The Deficit's Message

TO people who track government spending, last week's higher federal-deficit estimates came as no surprise. A $50 billion to $60 billion jump in the deficit projected for fiscal 1997 - to well over $300 billion - is very much in line with current spending trends, according to many economists, including some who advise Clinton.

The entitlements outlays that make up the single largest chunk of the federal budget are climbing relentlessly. The area of greatest increase is public spending for health care.

Medicare, the federal health-insurance program for the elderly and disabled, is expected to double over the next six years, reaching $216 billion. The program for the poor, Medicaid, will follow suit, reaching $156 billion by 1998.

So, while some of Clinton's emphasis on enhanced "public investment" to stimulate the economy may run afoul of deficit reduction, another of his central themes - health-care reform - is critical to any meaningful attack on the deficit.

The question is how to give the government a role within a reformed system of care that doesn't hike the federal medical bill even further. Some states, like Oregon and Hawaii, are experimenting with systems that more realistically set rules concerning what can go on the public tab. The Clinton advisers may have to take a hard second look at such approaches.

Minus far-reaching changes in entitlements programs, the deficit-reduction picture is dim. Defense spending will continue to decline as the armed forces are reconfigured to meet current needs. But the growing urgency of peacekeeping missions makes it clear that cuts of the magnitude necessary to significantly shrink $300 billion deficits won't come from defense alone.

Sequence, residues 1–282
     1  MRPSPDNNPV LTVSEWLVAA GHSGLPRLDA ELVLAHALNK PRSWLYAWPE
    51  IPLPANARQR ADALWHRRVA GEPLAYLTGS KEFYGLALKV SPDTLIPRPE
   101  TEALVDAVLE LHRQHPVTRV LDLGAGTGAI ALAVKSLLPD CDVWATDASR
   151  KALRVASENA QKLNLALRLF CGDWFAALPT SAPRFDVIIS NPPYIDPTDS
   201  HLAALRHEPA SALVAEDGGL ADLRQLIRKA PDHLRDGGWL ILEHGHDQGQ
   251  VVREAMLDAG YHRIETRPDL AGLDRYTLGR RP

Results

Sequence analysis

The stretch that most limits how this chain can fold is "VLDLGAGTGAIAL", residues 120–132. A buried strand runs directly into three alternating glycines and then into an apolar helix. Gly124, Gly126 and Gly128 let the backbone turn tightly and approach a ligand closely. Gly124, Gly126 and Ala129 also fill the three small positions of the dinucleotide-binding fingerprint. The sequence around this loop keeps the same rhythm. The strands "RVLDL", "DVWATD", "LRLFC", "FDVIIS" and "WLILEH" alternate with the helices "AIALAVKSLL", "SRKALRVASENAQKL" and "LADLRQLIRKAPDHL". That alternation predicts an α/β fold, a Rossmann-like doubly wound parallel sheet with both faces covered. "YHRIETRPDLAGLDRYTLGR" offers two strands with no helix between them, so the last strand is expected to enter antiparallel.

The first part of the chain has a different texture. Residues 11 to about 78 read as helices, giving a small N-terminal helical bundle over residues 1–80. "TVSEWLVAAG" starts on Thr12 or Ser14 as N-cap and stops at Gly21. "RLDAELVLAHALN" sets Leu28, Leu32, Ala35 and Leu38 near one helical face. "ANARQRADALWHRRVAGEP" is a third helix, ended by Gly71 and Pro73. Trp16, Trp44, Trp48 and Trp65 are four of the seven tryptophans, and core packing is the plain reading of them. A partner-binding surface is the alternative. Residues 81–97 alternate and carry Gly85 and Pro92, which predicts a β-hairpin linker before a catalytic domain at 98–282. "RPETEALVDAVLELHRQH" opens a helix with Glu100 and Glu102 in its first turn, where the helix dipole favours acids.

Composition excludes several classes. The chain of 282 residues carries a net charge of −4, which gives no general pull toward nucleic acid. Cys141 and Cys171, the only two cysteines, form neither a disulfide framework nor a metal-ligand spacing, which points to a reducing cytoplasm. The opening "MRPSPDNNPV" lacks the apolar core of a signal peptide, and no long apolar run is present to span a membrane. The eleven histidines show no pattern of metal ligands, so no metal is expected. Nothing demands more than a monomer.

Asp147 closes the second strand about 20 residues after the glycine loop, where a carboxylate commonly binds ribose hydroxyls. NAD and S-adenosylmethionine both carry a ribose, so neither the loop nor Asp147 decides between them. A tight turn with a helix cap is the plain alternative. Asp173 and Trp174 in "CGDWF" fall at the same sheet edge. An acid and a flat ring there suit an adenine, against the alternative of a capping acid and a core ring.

Another option is increased revenues. The slowly recovering economy won't soon produce an income-tax bonanza for Uncle Sam, and the higher taxes on the rich promised by Clinton won't rake in enough to change the deficit outlook. Higher federal excise taxes? The gasoline tax is usually mentioned in this context, but the president-elect is opposed to a big hike in the gas tax, and only a big hike would have much effect on the deficit.

Inevitably, the deficit discussion has to return to entitlements. If Clinton is as worried about the economic drag produced by federal red ink as he claims to be, and if he really means to maintain at least the spirit of his promise to halve the deficit by the end of his first term, he has to enter this politically thorny path.

And health care, which he has vowed to reform in any case, is the place to start.

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